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The Meal Times Issue 1 April 2013

Q&A with Paul A Young

7 delecatble chocolate recipes to make at home


The why, what, when, how and where of chocolate - all you need to know

heck out Bristol’s Chocolate Scene!

The best chocolate products and cookery books


Editor’s Letter

Welcome! Welcome everybody to the first issue of The Meal Times. I am aiming this food magazine to be of a new kind, which tells us more about our food, where it comes from, what it’s made from, the history behind it and how we should be using it. I love food magazines, but often when I read them I find there’s not actually that much to read. It’s all pretty, well shot pictures and lots of recipes, with the occasional short article. This means that for people like me, people who actually want to write Editor and Creator: about food, there aren’t that many places we can Adelaide Newton send our work to to be published. It’s a sad fact. I wanted to create a magazine that would teach people about the food and the producers. In this issue we are delving into the dark side of food, deep down into the depths of one of the most sort after substances on the planet. Chocolate. It comes in so many shapes, sizes and disguises. It gives you spots, it makes you feel sick, it puts fat round your middle if you eat too much, yet we continue to eat, on average, 17.49lbs of chocolate per year in Britain, according to The World Atlas of Chocolate, which makes us the 7th highest consumer of chocolate in the world. In Britain we eat an estimated 660,900 tonnes of chocolate a year, which is an average of 11kg per person per year. This equates to about 3 bars a week. Thanks for the stats, Divine Chocolate. We just can’t stop ourselves from eating it. Why? Because of that blissful feeling we get when we pop a piece onto our tongue, and feel the sugary dark sensation wash over us. “It’s the same sensation in your body as falling in love,” I heard someone say once. It’s an instant high. A legal drug, that sadly only lasts for a moment and sends us scrambling back for more. In this issue I want to tell you about where chocolate comes from, how it became the sugary confection we know today, where it is best to buy it from, how to treat it right and give you some ideas how to use it in your cooking. If you want to read more of my work, visit my blog: www. And please follow me on Twitter: @GruyereGuru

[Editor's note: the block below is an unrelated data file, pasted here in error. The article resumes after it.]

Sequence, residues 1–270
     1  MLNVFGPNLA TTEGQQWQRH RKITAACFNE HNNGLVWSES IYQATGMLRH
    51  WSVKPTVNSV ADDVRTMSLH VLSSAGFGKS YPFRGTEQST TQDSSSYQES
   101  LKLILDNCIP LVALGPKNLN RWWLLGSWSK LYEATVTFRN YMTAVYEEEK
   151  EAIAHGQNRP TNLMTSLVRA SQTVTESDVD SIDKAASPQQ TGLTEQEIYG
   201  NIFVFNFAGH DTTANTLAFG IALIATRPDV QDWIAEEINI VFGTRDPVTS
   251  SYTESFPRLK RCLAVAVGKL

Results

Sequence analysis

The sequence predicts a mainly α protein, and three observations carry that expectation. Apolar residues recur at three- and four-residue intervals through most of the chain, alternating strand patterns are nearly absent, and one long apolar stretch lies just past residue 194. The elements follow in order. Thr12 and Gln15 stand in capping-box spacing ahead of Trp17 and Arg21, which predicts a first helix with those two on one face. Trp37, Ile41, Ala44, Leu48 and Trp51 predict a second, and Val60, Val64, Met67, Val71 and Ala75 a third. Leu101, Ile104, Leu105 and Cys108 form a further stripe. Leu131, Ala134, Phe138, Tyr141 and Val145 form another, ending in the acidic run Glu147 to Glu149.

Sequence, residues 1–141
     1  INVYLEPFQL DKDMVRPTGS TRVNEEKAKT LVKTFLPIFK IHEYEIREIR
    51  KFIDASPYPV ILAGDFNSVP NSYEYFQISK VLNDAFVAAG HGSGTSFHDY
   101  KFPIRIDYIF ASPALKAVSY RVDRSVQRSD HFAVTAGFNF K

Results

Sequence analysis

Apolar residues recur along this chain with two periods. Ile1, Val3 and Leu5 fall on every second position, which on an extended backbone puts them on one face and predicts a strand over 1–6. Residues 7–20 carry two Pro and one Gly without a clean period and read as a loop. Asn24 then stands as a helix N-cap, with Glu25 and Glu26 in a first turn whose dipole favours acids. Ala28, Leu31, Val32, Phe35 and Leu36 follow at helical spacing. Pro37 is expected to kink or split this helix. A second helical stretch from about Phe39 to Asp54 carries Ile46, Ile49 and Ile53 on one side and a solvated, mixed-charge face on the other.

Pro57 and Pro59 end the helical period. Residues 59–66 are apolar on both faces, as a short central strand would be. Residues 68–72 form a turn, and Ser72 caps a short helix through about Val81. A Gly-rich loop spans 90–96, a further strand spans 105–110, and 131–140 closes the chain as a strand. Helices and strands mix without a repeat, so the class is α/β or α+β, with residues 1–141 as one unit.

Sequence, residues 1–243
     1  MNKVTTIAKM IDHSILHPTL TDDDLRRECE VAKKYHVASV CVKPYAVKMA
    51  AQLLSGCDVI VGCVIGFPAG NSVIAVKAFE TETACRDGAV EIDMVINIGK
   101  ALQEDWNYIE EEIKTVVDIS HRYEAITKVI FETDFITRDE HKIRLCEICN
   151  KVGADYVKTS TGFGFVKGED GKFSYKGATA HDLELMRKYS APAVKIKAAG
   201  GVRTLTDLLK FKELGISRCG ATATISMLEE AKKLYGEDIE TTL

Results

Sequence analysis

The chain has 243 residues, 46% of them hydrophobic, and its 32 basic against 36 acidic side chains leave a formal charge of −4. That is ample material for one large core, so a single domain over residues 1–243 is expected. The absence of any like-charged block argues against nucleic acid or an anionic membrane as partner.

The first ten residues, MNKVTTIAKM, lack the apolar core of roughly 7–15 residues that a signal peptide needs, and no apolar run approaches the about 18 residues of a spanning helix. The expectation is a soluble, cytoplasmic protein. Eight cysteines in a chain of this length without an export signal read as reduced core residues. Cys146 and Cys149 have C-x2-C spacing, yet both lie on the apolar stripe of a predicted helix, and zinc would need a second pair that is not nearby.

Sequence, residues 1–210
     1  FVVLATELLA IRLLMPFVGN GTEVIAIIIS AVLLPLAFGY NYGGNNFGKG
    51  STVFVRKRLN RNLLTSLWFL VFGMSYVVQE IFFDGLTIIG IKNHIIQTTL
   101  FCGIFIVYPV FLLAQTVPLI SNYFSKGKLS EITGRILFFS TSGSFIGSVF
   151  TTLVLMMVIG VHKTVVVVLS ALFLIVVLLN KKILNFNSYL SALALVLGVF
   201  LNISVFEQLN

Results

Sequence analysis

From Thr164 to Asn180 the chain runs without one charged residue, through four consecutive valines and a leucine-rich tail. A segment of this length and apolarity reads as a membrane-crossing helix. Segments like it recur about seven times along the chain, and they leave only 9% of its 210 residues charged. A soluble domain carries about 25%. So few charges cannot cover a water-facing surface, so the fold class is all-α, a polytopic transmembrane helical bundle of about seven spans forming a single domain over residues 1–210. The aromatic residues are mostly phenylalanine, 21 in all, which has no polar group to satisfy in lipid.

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ssue 1 April 2013

The Chocolate Issue

Food History


The History of Chocolate...................Page 5

London renowned chocolatier Paul A Young gives an insight into the life of a professional chocolatier........................................................Page 26

Food and Farming

Growing and Harvesting.................Page 10


Food and Production

From Bean to Bar.............................Page 12

Food Science

Why do we crave chocolate? Is chocolate really an aphrodisiac? How should we treat chocolate when cooking with it?.......Page 15

Salted Caramel Brownies...............Page 28


Chocolate Chilli Con Carne............Page

Triple Chocolate Tart......................Page 30